#11 saketb

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Posted 12 November 2011 - 07:53

Nice review and pictures. You've made me remember my school days when I was using the Hero everyday, but now have none.

Shall lookout for them...
Pilot Vanishing Point Royal Red
Sailor Professional Gear - Sailor Jentle Grenade
Kaweco AC Sport Red Limited Edition - Kaweco Red
Sheaffer Prelude Chrome - Private Reserve Sherwood Green
TWSBI Diamond 540 - Sheaffer Purple
Sheaffer 300 - Private Reserve Orange Crush

#12 Osmaroid

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Posted 12 November 2011 - 14:33

I'd bought mine from yespens, the guy warning against fakes. I assume that his pens are authentic, and I doubt that he would slip in a fake amongst two other real ones.

I have examined my pens; they all look similar and so either they are all real or all fake.

I guess that the variability in nib performance is due to a lower number of processes used to produce these nibs and much lower QC/QA benchmarks than their more expensive counterparts in the West. E.g. a reject at Montblanc would be deemed acceptable at Hero.



Thanks for the clarification. Your conclusion on quality control is probably spot on - at the prices even the genuine ones are sold for, I wouldn't be surprised at less quality control. I have generally found Wing Sung pens (made by Hero) scratchy, but just for the heck of it a few weeks ago, I carefully inspected the tips of the nibs on 3 of them. I found they were all slightly mis-aligned and, after adjustment, they were all quite OK - not the equivalent of a P51 or any other high end pen, but OK. By the way, I do recommend that you try a Hero 100. My experience there is that they are quite another animal to the 616 - they even feel like a good pen when you pick them up, and mine certaily writes like a P51. I heard somewhere that the Hero factory was a Parker factory prior to the revolution, which may explain why they can "get it right".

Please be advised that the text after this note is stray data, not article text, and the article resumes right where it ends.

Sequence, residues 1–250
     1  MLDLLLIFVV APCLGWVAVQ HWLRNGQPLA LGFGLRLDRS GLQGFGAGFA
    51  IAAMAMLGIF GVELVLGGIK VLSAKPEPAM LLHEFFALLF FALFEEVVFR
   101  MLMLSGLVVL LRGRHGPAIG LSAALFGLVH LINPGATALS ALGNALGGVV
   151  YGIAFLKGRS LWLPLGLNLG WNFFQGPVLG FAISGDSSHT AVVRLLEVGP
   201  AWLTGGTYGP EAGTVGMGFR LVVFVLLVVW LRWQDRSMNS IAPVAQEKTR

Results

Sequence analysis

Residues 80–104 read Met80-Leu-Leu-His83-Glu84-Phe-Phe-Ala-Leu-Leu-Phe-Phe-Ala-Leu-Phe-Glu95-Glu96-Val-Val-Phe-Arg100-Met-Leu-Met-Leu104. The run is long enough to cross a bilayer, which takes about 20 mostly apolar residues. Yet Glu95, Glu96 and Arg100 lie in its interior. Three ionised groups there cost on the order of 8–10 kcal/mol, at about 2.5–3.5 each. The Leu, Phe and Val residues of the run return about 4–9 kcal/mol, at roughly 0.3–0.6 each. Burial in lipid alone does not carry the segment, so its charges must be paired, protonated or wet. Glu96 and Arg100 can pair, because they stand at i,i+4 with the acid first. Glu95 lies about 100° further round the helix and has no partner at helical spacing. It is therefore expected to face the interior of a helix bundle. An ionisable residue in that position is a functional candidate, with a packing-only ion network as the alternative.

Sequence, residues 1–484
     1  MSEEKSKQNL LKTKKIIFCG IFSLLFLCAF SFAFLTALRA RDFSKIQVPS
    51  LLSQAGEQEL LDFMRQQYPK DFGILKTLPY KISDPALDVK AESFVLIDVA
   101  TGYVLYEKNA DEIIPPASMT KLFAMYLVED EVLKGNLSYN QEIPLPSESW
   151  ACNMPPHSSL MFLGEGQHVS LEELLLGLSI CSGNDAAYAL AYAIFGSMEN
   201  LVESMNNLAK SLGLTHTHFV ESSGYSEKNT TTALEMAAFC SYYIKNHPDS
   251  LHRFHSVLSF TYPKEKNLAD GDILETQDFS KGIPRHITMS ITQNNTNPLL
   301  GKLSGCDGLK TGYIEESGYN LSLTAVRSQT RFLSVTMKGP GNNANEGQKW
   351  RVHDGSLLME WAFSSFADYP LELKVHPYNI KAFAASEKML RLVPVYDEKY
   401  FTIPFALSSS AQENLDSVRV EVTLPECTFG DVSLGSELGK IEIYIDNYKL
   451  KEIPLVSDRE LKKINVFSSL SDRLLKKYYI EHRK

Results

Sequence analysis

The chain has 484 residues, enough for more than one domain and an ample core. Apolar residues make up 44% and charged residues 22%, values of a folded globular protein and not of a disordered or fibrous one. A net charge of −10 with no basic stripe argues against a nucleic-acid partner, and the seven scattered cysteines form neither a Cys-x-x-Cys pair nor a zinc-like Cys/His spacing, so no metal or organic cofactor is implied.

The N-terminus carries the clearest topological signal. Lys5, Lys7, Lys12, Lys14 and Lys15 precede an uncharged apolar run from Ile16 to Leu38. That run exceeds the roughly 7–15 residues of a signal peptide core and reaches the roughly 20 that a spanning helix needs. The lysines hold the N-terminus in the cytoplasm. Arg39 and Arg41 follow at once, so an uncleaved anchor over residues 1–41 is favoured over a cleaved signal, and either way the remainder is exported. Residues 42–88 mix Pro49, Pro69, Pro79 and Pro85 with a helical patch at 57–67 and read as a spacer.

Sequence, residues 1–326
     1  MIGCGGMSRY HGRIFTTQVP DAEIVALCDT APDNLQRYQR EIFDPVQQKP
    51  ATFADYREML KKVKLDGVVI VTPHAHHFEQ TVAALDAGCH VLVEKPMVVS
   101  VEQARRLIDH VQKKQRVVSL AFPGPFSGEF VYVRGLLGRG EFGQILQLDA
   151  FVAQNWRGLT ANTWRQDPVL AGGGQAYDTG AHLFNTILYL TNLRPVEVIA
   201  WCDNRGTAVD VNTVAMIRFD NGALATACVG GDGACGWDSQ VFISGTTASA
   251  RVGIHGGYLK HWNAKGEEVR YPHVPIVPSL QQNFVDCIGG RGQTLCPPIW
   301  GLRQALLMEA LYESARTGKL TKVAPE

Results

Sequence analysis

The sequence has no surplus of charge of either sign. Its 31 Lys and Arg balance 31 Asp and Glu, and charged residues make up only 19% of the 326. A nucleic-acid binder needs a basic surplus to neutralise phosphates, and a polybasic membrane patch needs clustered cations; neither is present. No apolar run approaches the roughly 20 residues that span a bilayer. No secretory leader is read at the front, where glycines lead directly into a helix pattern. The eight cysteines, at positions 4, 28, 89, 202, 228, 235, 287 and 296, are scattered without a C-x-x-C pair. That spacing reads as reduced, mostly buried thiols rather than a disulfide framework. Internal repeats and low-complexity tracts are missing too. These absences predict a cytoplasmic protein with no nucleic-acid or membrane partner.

#13 Sailor Kenshin

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Posted 12 November 2011 - 16:23

Buy your Chinese pens from reputable dealers. I haven't had a really bad one yet.

#14 adallak

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Posted 12 November 2011 - 17:02

By the way, there are many Chinese Noname pens which are very well built and write nicely. Much better than Hero 616, but they do not get as much publicity (bad or good). I have several one dollar pens which outperform in many ways $100 pens.
As for quality control, I have recently bought two NOS Sheaffer Imperials and none wrote well. The nibs looked terrible (misaligned, gap between tines, one tine is shorter than the other). So, it is not just about Chinese pens. I had to sent the both Sheaffers back and will never try new ones...

Edited by adallak, 12 November 2011 - 17:05.

“Be nice to people on your way up because you meet them on your way down.” Jimmy Durante quotes (American Comedian, Pianist and Singer, 1893-1980)

#15 APHK

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Posted 13 November 2011 - 23:15

I had decided to perform my first grinding on the red 616 since the pen is so cheap and good for experimentation. The nib is quite smooth now. The sandpaper cost USD1.5 for a pack of 8 sheets.

#16 M@rtin

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Posted 13 December 2011 - 17:23

Nice review...thanks!!! :thumbup: